Adam Ruins Everything is a half-hour informational comedy where host, Adam Conover, debunks popular myths. Each episode is divided into 3 segments with some common themes. In the Spring of 2018, James Tierney and I sat down to go through all three seasons of Adam Ruins Everything to pick out examples in each episode that could be used in an economics course.

In the Summer of 2020, the paper was officially published in The Journal of Economics and Finance Education, which you can read online.

The Simpsons — Day Laborers


In this scene, Homer and Bart are loading construction materials into their car at Builder’s Barn (a Home Depot-type store). Bart isn’t sure his dad is capable of handling the word himself when a group of immigrant day laborers offer their services. The day laborers have come from nearby Barleyville due to a recent “Barley Bust.” Homer accepts their offer and welcomes them to his home. He now feels superior because he’s able to hire workers to do jobs “we don’t want to do,” but then a hoard of laborers rushes the town of Springfield.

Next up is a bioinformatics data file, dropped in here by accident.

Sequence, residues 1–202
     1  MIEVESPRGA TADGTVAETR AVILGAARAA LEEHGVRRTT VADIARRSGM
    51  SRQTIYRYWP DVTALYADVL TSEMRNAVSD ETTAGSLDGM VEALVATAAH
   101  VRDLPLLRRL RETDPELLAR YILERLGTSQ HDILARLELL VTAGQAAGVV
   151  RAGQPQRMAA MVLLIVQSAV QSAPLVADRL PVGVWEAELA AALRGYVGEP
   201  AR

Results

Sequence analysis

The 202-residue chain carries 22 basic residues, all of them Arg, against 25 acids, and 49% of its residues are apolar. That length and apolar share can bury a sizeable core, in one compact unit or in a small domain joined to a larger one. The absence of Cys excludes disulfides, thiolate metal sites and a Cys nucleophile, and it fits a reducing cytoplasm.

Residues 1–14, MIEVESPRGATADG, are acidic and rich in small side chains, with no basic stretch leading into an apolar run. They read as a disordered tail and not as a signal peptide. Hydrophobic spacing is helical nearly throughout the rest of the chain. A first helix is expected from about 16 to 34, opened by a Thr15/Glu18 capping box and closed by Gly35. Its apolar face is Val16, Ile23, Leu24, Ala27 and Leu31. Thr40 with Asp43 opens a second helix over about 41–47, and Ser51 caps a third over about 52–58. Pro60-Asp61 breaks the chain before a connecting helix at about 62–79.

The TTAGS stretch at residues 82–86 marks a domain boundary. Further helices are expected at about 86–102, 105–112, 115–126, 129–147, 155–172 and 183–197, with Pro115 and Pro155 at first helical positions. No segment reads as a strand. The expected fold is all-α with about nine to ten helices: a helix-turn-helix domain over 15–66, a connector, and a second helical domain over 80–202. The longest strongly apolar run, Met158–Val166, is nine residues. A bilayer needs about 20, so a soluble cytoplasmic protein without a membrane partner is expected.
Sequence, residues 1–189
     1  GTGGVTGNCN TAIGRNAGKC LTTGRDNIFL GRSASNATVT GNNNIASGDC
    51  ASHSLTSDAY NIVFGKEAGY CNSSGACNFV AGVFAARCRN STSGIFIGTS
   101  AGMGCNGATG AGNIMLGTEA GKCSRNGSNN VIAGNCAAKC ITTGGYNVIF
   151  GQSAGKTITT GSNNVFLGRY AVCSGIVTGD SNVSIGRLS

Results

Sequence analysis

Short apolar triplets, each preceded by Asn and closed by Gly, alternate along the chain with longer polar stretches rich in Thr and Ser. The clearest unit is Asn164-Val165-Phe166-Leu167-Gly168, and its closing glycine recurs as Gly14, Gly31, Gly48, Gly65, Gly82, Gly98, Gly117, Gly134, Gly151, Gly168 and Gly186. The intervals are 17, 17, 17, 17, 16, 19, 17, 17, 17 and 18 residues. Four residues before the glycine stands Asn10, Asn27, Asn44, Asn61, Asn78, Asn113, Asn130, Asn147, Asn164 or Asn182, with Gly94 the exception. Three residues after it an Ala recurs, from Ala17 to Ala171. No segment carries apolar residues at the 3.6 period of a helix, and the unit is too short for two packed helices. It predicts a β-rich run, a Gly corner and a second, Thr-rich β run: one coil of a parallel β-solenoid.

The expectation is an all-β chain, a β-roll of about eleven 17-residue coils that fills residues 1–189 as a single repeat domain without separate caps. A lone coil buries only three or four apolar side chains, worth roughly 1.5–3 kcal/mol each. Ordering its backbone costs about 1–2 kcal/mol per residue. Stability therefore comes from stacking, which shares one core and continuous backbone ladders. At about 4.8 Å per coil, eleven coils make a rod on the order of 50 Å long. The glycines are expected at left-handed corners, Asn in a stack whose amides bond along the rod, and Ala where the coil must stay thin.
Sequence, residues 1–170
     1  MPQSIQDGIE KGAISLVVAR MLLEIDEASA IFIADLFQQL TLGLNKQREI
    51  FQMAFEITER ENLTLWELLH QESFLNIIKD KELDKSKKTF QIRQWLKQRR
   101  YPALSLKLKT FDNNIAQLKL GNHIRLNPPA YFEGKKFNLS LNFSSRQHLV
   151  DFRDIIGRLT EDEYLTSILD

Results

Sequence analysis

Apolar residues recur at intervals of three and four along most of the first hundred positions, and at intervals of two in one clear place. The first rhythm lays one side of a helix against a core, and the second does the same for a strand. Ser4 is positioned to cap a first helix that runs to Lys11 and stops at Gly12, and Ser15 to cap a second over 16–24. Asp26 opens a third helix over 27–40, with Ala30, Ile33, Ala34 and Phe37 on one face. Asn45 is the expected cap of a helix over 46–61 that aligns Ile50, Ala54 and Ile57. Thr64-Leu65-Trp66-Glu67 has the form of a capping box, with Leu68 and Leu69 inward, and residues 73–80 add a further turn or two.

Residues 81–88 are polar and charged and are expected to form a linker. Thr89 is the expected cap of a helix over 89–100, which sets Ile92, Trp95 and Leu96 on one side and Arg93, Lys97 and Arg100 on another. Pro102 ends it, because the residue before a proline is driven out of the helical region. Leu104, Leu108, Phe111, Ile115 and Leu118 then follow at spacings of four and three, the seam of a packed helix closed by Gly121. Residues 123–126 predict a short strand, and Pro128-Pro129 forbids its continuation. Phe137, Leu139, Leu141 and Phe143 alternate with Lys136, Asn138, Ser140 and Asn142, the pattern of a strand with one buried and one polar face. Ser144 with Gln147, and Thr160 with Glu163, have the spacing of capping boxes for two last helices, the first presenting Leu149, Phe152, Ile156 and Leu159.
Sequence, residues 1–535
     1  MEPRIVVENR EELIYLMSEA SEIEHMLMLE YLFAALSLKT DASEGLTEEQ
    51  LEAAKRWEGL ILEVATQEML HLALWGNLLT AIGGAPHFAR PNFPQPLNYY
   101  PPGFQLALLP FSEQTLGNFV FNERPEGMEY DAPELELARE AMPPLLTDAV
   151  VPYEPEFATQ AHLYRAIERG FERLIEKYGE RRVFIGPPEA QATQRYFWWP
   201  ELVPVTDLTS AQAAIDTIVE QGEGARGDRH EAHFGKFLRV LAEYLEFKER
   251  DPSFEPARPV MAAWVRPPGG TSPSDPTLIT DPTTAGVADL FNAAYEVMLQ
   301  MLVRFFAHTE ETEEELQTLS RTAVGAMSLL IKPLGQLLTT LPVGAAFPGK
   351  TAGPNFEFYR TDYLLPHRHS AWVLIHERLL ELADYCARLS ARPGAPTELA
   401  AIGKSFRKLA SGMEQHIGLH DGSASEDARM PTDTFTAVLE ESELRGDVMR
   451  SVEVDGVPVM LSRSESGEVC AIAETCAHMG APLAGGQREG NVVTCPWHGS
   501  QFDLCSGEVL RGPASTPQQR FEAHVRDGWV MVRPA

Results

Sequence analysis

For a deeper look at economics and The Simpsons, check out Josh Hall’s book Homer Economicus.

Get a Job — Ironic

Our main character Will Davis is searching the internet for job listings. He has just been let go from his internship because there were no available paying jobs and his time had run out. He is looking for the right fit, or really any fit that would make sense for him, but he’s realizing that he lacks the skills for many of the job postings he’s finding online. His friends joke that the skills he’s good at can’t get him paid.

Clip submitted by Kate Lecea